Flea, Tick & Mosquito Prevention

Flea, Tick & Mosquito Prevention

Spring in New England overflows with new life as flowers poke through the ground and peepers begin to peep. It’s also a season that brings less desired creatures such as mosquitoes and ticks. Here are some veterinary musings to get you and your furry family members safeguarded against the 6- and 8-legged external parasites.

Check your heartworm preventative stock.

Factors such as changing weather patterns have resulted in an increase of heartworm disease in Connecticut. American Heartworm Society has a plethora of excellent information and resources for “all things heartworm”. Here are some “cliff-notes” on heartworm disease:

  • Heartworm is transmitted by mosquitoes.
  • Prevention includes a monthly tablet or topical product, or an annual/biannual injection of a yearly.
  • Prevention is generally safe, effective, and affordable. Some preventatives treat common gastrointestinal parasites such as roundworms and hookworms as well. A heartworm test is usually recommended yearly for dogs as preventatives can be dangerous to give if a dog is already suffering from heartworm disease.
  • Cats can also get heartworm disease, for which treatment options are very limited.
  • Heartworm disease can be fatal. Treatment in dogs is expensive, long lasting, and requires strict cage rest – not a favorable outcome for anyone involved.

 Check your flea and tick preventative stock.

  • Tick-borne diseases such as Lyme disease, anaplasmosis, and ehrlichiosis unfortunately abound in Connecticut. (Lyme disease earned its name for a reason!)
  • Flea and tick preventatives are in a constant arms race as fleas and ticks evolve; if a product isn’t working well for your dog or cat anymore, reach out to your veterinarian for another recommendation.
  • Some dog flea/tick products contain permethrins which are very toxic to cats! Products should have a label stating as much, but when in doubt, ask your veterinarian. Ensure that such products are never applied to cats and if applied to your dog keep him/her away from any cats.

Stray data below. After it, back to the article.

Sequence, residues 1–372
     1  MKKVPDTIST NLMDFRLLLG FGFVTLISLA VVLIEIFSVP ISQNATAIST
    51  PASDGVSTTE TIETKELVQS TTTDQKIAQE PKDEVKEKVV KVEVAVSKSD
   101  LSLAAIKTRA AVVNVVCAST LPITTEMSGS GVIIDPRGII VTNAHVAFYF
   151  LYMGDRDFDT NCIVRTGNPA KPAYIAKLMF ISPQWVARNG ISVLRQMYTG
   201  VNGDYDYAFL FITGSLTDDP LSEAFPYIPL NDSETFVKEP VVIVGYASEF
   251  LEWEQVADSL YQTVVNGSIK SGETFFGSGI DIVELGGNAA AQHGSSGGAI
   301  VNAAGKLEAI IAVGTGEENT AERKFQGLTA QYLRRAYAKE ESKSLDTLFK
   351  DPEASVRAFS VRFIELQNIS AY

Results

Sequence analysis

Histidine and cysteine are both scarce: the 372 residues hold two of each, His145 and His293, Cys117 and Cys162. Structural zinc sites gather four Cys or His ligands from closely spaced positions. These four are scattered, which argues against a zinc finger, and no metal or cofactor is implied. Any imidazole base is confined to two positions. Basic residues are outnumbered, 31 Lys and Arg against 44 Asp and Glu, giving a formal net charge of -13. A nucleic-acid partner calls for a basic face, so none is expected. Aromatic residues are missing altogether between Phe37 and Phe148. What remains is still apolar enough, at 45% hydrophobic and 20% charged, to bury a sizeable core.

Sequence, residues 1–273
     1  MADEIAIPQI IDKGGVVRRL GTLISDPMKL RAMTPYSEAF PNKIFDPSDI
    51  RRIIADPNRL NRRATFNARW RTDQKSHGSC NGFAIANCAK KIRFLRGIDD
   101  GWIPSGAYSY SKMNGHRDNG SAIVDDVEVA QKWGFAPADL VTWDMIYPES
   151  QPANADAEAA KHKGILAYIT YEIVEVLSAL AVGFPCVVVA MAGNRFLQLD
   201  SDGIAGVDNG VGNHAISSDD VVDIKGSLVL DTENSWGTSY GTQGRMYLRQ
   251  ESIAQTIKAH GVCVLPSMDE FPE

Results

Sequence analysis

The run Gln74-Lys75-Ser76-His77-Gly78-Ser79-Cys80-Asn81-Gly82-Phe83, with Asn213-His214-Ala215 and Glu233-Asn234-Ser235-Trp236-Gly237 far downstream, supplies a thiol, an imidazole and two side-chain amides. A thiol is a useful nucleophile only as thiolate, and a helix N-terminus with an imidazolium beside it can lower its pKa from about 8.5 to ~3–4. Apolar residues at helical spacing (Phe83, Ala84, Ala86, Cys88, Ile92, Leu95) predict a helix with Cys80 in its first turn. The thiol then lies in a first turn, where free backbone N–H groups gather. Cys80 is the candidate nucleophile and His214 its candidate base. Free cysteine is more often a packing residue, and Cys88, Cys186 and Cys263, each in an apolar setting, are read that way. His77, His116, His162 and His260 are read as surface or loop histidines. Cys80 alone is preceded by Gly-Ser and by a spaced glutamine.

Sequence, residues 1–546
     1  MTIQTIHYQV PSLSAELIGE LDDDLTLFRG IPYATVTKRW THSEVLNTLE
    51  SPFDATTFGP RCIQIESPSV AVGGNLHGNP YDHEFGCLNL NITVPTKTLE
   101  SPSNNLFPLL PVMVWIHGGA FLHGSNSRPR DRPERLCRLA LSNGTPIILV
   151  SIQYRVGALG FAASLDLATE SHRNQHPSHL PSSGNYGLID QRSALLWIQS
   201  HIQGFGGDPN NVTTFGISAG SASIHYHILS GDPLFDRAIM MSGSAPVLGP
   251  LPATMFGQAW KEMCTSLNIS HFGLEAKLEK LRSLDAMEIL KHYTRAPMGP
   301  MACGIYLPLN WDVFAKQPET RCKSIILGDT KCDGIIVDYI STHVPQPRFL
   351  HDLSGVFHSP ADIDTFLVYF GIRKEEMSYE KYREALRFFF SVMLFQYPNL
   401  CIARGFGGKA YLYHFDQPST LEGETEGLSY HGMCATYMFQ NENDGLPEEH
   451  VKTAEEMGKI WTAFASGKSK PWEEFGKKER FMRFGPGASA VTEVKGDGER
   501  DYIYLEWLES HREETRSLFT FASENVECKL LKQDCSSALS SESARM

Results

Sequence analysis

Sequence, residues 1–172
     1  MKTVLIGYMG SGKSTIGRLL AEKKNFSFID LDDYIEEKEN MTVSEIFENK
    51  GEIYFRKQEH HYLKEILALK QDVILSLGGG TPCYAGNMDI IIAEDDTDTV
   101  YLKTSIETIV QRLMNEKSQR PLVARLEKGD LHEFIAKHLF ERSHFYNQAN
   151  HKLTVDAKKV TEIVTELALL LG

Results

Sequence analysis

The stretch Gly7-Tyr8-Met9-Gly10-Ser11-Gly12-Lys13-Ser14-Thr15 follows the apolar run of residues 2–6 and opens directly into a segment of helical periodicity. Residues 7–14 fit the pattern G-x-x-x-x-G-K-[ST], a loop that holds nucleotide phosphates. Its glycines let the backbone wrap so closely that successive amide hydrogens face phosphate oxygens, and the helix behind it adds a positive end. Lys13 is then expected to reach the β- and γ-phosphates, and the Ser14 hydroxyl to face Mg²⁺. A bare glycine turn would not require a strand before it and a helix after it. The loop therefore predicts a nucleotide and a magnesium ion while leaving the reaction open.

• Pro-tip: counterfeit products are unfortunately common! If you have purchased a product outside of a veterinary hospital, consider calling the manufacturer to ensure the product you have is the “real deal”.
  • Tick-borne diseases can cause many different diseases (including some we probably don’t fully understand yet) and can be fatal. Good prevention is paramount.
  • Don’t forget to protect cats. Many cats are meticulous groomers and despite not seeing any fleas, can still be suffering from flea allergies or other secondary diseases.

Important Note: some essential oils are toxic to pets! While there are some natural products available that utilize safe essential oils for your animals, be sure to do your research and speak to a veterinarian before applying to your dog or cat. What may be safe for people can be dangerous and toxic for other animals. (Cliff notes: essential oils and cats generally mix like oil and water and can be especially toxic to them.)

Enjoy all of the magical bliss of springtime and, as always, reach out to your veterinarian with specific questions or concerns!

– Dr. Emily Andersen, DVM, CVA, CVFT
Owner, ComfortABLE Critters Veterinary Care PLLC



 American Heartworm Society: https://www.heartwormsociety.org/pet-owner-resources

A Brief History of Lyme Disease in Connecticut: https://portal.ct.gov/DPH/Epidemiology-and-Emerging-Infections/A-Brief-History-of-Lyme-Disease-in-Connecticut

Permethrin Poisoning: https://icatcare.org/advice/permethrin-poisoning/

Essential Oils & Cats: https://www.petpoisonhelpline.com/blog/essential-oils-cats/